Bittersweet Birthday Party For The Affordable Care Act
Although the bill has been almost universally hailed as a revolutionary attempt to nationalize the country’s shoddy health care system, its provisions have become the paragon of partisan politics in the United States. While admirable intentions to extend healthcare coverage, monitor insurance companies and offer preventative services to both the young and the elderly have Democrats like Henry Waxman calling the legislation a “win-win-win proposal," Republicans have mobilized a staunch opposition.
Several federal judges have already ruled the crucial “individual mandate” provision - which requires everyone to purchase health coverage - unconstitutional. Other opponents rely on the claim that the ACA will destroy employer provided health care coverage by allowing greater incentives to pay a fine than extend coverage.
At the same time, the action required to introduce such an extensive system has been rejected by states like Alaska and Florida, who have outright refused corresponding mandates.
All of these responses to the Obamacare package the president promised upon election reflect an attempt to “repeal and replace” the current solution to the some 50 million people living in America without health insurance.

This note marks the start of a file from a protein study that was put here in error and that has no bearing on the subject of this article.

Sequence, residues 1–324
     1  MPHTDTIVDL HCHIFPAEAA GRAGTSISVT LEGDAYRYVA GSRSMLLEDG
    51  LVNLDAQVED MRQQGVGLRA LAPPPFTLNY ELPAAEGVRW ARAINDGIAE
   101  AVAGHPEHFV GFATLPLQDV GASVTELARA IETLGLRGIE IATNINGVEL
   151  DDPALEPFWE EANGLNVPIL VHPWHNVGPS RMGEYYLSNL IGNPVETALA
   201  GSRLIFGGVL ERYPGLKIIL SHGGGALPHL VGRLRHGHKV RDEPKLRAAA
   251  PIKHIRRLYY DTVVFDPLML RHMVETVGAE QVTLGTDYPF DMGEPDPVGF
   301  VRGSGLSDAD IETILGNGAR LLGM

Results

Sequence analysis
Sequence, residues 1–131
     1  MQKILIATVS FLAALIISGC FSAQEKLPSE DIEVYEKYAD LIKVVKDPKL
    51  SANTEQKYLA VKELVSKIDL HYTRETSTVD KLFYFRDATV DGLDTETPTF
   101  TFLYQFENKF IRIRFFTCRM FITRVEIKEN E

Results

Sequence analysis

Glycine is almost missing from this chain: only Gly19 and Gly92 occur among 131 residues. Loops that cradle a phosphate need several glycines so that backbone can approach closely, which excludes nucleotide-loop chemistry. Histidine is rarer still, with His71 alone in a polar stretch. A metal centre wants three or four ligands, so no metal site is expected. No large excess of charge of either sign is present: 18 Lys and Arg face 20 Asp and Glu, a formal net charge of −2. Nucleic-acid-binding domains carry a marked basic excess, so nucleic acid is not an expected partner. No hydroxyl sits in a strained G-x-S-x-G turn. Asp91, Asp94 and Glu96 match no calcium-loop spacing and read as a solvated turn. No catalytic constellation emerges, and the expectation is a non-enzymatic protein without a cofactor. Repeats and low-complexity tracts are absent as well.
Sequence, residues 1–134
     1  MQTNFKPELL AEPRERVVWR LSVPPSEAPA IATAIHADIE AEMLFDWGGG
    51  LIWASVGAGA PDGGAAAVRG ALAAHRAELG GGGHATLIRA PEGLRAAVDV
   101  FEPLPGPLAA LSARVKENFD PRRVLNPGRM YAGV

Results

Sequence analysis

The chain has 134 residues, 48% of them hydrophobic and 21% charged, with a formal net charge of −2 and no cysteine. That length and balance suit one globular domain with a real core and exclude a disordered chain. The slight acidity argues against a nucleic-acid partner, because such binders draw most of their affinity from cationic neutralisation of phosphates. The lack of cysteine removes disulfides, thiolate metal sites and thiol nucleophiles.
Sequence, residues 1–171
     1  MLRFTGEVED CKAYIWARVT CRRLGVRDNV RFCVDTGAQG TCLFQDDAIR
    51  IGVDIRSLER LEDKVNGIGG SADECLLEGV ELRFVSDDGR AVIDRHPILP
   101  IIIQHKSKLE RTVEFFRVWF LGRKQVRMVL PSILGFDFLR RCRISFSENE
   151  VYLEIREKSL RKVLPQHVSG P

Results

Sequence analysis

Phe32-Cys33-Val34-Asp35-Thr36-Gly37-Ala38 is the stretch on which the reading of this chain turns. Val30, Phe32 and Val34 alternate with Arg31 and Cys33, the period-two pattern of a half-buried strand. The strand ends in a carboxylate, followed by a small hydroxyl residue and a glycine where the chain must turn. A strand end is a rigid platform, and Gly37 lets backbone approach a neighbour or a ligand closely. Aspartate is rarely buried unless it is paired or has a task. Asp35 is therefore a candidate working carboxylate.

However, as the gatherers at the first birthday celebration of the ACA Tuesday morning said, it is still unclear what opponents of the ACA plan to “replace” it with.
“Their number one goal is simply to repeal healthcare reform,” said Congresswoman Karen Bass of the 33rd District, who believes that it is an invaluable piece of legislation with “simply no way to repeal it.”
Henry Waxman, the U.S. Representative for California’s 30th congressional district, agreed that the bill was something “everyone will benefit from, though you wouldn’t know it from the propaganda.”
Waxman explained the bill’s attempt to resolve a rapidly industrializing nation that “tied health insurance to our jobs” with the increasingly impoverished elderly generation.
Criticizing health insurance companies of self-interest manifested in lifetime caps, rescinded policies and misleading preexisting condition provisions, the congressman justified the bill by deeming it “right from a moral point of view.”
This has proven to be a vulnerable argument when national politics are involved, and many people fear for the future of the ACA.
“Most of the significant provisions have not happened,” said professor Robert Myrtle, an expert in healthcare administration at the University of Southern California.
Although the new laws have already offered children up to the age of 26 to be covered on their parents policies, many of the larger goals remain unimplemented.
Myrtle attributes this to the obvious monumental tax of relaxing an imposed national health care system into the feuding bureaucratic entanglement, and to the underlying issue of funding that is really on everyone’s mind.
“There’s not an awful lot of people jumping up and down to raise taxes. Most of the provisions are to increase the number of people eligible for Medicaid, and the state of California is broke,” he said.
Whether taxpayers will overcome their reluctance as the plan continues to activate through 2014 or be relieved by Republican efforts to kill the bill remains to be seen, and an air of tense optimism made the cake at the first birthday celebration of the Affordable Care Act taste a little bitter.